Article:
User:TheLarry/Notebook/Larrys Notebook/2009/11/17/Super High Res Image

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Super High Res

After reading there Image Models portion of their paper "Quantitative Comparison of Algorithms for Tracking Single Fluorescent Particles" I decided I should probably go back to the drawing board. I guess not completely since most of the ground work I can still use. But i'll follow their procedure. Make a super high res image first.

To do this like they did i gotta make the PSF then convolute it with the point source. For the high res image, it will have pixels as well. I'll go with each pixel being a nm. So 184.5 high-res-pixels = 1 camera pixel. That is super high res

I'm going with the rhodamine 6g dye is 10 nm large. but i don't know for sure.

Taking a 2-d convolution is tough. And in labview it is easiest handled through IMAQ software. So this is going slower than i thought initially but i am moving forward anyways.

I now have the convolution of the Airy Disc and a circle of radius 10. Here look at it: (remember this is a super high res image theoretically)

It just crashed. So you won't be seeing this till i rewrite it. Ok it wasn't that hard--fuck fuckity fuckster. I think it crashed because i wasn't closing out my IMAQ images. I have to keep an eye on that.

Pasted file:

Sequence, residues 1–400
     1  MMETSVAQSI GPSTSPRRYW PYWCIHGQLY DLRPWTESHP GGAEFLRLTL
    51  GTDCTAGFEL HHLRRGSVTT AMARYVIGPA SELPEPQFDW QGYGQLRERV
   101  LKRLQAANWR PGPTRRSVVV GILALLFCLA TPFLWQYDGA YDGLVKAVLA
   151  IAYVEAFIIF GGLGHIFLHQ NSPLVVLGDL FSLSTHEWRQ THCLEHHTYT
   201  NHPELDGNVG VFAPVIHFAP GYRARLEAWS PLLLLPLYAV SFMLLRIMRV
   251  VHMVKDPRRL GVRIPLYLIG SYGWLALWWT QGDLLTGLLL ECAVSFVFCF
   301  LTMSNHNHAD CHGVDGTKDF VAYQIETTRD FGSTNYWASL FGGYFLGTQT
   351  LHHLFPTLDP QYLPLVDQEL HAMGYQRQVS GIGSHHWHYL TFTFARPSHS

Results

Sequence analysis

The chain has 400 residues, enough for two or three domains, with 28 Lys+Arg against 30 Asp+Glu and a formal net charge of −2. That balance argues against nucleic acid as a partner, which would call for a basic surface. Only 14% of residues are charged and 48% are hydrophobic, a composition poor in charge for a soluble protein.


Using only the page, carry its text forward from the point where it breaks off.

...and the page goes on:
I am destroying the images just fine now so here is what i am talking about:

The top left is the 10 nm radius circle that represents the fluorophore. The fop right is the Airy Disc whose spread is set to our specifications in nm (prefactor is .015). The bottom right is the fourier transformed multiplication of the two images. And finally the image on the bottom left is the inverse Fourier transform of the multiplied images in Fourier space otherwise known as the convolution of the PSF and the dot.
The top left is the 10 nm radius circle that represents the fluorophore. The fop right is the Airy Disc whose spread is set to our specifications in nm (prefactor is .015). The bottom right is the fourier transformed multiplication of the two images. And finally the image on the bottom left is the inverse Fourier transform of the multiplied images in Fourier space otherwise known as the convolution of the PSF and the dot.

After looking at these images it is clear to me that the convoluted image is an Airy Disc but scaled differently since the bugger is brighter than the original. Sweet. And this program is saved even better.'

Ok now i have a high resolution of what a spot looks like. now i have to integrate over the corresponding pixels in here to form a lower resolution image that matches what the CCD would see. I think integration would just be a sum, but we'll see. Actually i am curious what this does with a rectangle. So i am gonna take a side adventure and see.

Same as above.
Same as above.

The intensities are off and probably overwhelming the rectangle, but this is the first look. I have to go to class so i can't play around

There is is prettier looking
There is is prettier looking
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